Historians of the Study have spent decades now trying to correct the misunderstandings in the public and the academy, and to make the facts as knowable as possible. The story is horrific enough, it is argued, without perpetuating misunderstanding over what really did happen and how many knew about it. What if, however, the PHS did conduct a somewhat secret study whose subjects were infected with syphilis by one of the PHS doctors who also worked in “Tuskegee?” How should this be acknowledged and affect how we discuss historical understandings that drive the need for human subject protection?
(Emphasis added.) And later:
Ironically, though, the mythic version of the “Tuskegee” Study may offer a better picture of mid-century PHS ethics than the seemingly more informed accounts. For Public Health Service researchers did, in fact, deliberately infect poor and vulnerable men and women with syphilis in order to study the disease. The mistake of the myth is to set that story in Alabama, when it took place further south, in Guatemala.
Interestingly, the episode happened during a period of hope in Guatemalan history -- one of elections and land reforms, before decades of civil war that followed our overthrow of the democratically elected government:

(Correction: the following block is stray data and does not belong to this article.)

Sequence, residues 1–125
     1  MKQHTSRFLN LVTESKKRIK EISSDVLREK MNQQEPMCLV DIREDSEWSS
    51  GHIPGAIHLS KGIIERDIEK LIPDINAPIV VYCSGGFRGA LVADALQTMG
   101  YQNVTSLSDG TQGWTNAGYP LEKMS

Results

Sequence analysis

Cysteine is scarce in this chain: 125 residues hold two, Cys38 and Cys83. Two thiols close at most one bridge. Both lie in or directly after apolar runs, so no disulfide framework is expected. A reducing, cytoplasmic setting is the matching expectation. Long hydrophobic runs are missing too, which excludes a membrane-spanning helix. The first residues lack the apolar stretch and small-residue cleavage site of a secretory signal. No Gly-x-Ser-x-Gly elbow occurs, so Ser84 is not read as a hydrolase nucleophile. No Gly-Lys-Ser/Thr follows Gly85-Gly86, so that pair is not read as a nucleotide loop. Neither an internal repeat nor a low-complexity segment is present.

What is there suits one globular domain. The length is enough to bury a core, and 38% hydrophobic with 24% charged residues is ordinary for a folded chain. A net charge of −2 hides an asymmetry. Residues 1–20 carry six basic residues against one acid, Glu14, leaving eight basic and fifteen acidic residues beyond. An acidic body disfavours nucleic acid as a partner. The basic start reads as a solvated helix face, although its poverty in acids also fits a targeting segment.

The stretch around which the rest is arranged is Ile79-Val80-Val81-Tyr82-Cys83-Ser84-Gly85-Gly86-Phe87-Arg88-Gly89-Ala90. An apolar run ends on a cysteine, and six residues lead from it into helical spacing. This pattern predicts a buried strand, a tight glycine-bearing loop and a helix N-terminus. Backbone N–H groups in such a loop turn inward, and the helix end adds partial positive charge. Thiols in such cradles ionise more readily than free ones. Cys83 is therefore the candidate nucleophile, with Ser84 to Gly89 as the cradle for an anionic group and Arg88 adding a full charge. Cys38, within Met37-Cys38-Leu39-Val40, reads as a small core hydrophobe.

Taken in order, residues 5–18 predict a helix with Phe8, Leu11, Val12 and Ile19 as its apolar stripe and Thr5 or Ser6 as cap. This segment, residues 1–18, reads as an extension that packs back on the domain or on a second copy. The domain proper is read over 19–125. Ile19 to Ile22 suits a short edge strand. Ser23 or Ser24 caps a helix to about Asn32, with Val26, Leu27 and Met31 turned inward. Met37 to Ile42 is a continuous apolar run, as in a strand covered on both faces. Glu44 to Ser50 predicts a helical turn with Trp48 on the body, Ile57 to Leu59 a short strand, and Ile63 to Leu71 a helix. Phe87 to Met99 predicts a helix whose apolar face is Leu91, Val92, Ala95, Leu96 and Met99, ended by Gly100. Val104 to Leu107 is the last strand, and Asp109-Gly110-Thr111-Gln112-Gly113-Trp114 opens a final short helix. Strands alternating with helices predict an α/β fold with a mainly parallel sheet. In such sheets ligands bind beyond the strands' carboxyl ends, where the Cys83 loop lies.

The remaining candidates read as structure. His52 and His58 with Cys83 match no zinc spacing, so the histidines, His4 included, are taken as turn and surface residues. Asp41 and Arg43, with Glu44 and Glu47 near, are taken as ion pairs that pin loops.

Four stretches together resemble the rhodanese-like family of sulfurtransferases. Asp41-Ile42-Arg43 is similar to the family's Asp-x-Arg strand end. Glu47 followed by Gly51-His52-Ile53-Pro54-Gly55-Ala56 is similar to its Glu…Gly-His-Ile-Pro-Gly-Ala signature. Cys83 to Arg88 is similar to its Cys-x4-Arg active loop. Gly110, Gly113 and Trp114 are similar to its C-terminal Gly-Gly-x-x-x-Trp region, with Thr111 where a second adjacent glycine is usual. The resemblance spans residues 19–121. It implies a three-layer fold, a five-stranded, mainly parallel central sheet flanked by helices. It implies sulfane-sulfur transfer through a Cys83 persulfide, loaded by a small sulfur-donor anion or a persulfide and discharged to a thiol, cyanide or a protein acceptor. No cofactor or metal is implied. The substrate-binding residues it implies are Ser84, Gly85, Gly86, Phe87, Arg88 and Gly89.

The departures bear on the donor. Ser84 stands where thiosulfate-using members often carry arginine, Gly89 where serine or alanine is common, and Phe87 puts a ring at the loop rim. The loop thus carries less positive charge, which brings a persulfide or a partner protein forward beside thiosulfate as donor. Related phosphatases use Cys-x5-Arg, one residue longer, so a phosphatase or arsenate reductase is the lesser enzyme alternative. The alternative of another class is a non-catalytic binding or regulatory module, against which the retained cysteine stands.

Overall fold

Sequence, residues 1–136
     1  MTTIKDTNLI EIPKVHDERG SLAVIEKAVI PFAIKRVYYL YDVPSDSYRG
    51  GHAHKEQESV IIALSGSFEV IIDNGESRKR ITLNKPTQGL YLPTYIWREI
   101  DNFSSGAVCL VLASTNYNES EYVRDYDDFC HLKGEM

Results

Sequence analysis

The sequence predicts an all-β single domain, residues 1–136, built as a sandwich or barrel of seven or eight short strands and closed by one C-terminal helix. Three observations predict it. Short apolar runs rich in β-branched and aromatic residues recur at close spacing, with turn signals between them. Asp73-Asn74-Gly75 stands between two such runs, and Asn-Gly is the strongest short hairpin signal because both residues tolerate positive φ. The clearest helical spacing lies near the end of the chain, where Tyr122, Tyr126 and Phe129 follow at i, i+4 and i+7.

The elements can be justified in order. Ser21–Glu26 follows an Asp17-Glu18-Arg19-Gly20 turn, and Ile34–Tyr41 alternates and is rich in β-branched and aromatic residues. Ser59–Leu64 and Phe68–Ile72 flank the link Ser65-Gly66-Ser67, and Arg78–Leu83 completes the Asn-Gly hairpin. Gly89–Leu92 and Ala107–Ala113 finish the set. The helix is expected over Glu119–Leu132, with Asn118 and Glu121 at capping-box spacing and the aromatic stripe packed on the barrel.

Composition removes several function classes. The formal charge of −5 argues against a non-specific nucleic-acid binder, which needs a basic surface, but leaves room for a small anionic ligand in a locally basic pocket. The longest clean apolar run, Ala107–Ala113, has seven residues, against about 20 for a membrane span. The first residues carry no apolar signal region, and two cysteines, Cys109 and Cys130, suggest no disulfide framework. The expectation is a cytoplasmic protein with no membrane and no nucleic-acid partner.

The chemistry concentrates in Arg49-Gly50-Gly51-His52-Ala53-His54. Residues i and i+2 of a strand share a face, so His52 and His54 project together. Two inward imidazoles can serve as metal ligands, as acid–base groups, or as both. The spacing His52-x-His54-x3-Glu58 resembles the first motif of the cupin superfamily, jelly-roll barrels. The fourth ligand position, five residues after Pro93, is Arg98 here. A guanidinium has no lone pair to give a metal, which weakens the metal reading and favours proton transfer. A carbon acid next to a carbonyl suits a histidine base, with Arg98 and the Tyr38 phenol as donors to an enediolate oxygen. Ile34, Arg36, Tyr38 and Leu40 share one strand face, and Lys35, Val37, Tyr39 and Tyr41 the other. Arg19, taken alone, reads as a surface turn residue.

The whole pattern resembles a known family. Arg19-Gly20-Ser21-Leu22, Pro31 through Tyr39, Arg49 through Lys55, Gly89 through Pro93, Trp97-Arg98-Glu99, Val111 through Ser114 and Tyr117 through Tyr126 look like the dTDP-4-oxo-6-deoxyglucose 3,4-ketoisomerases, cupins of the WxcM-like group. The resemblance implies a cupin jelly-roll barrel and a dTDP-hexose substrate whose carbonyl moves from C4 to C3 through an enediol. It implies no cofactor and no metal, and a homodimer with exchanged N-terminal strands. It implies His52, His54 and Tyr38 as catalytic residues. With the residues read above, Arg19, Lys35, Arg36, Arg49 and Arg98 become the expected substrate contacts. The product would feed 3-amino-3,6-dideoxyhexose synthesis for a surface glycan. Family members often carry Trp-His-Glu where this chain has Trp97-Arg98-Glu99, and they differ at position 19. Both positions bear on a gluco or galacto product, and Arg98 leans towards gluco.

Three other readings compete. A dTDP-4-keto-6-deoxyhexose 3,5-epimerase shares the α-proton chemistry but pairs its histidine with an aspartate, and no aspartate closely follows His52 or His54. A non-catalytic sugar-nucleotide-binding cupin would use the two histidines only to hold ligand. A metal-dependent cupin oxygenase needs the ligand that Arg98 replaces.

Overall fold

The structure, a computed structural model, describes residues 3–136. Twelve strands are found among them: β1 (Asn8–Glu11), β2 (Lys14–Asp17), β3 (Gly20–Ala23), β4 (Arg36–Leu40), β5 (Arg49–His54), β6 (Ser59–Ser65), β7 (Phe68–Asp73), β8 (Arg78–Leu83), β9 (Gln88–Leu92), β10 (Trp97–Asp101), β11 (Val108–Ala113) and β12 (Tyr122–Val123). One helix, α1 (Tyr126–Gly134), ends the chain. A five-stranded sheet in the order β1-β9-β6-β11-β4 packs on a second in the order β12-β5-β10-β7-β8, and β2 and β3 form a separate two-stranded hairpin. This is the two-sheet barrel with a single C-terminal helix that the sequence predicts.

The United Fruit Company owned and controlled much of Guatemala, the quintessential “banana republic,” in the first half of the 20th century. When the PHS looked to Guatemala for its research in the immediate post-World War II years, it came into the country during the period known for its relative freedoms; between 1944 and the U.S. led CIA coup of the elected government in 1954, there were efforts made at labor protection laws, land reform, and democratic elections. The PHS was part of the effort to use Guatemala for scientific research as they presumed to transfer laboratory materials, skills, and knowledge to Guatemalan public health elite.
And one last tidbit:
In reporting to Cutler after he returned to the States, he explained that he had brought Surgeon General Thomas Parran up to date and that with a “merry twinkle [that] came into his eye…[he] said ‘You know, we couldn’t do such an experiment in this country.’”60
Read the whole thing.
This summer I climbed Volcan San Maria, above Xela (Quetzaltenango), Guatemala, on my second day in town. I took a series of photos from the summit looking back towards Xela, and my dad stitched three of those together using Panorama Maker 4 by Arcsoft. The result (click for the full-size image):
And here are a couple shots from later in my trip, from on top of Volcan San Pedro looking down on the beautiful Lago de Antitlan:
As should be obvious now, I got a bit behind on blogging while in Guatemala. I was hopeful that this blog would serve as a reminder to myself to write more regularly, as well as a convenient conduit for sharing travel stories and photos with friends and families. But as I fell more and more behind, I started emailing those stories and photos directly to the friends I felt the greatest need to share them with, and the blog fell behind. I hope to post some photos and additional travel stories from Guatemala in the coming weeks, but mostly I'll try not to make promises I can't keep. So sometimes I'll write about public health and epidemiology, sometimes about politics, about rockets, etc.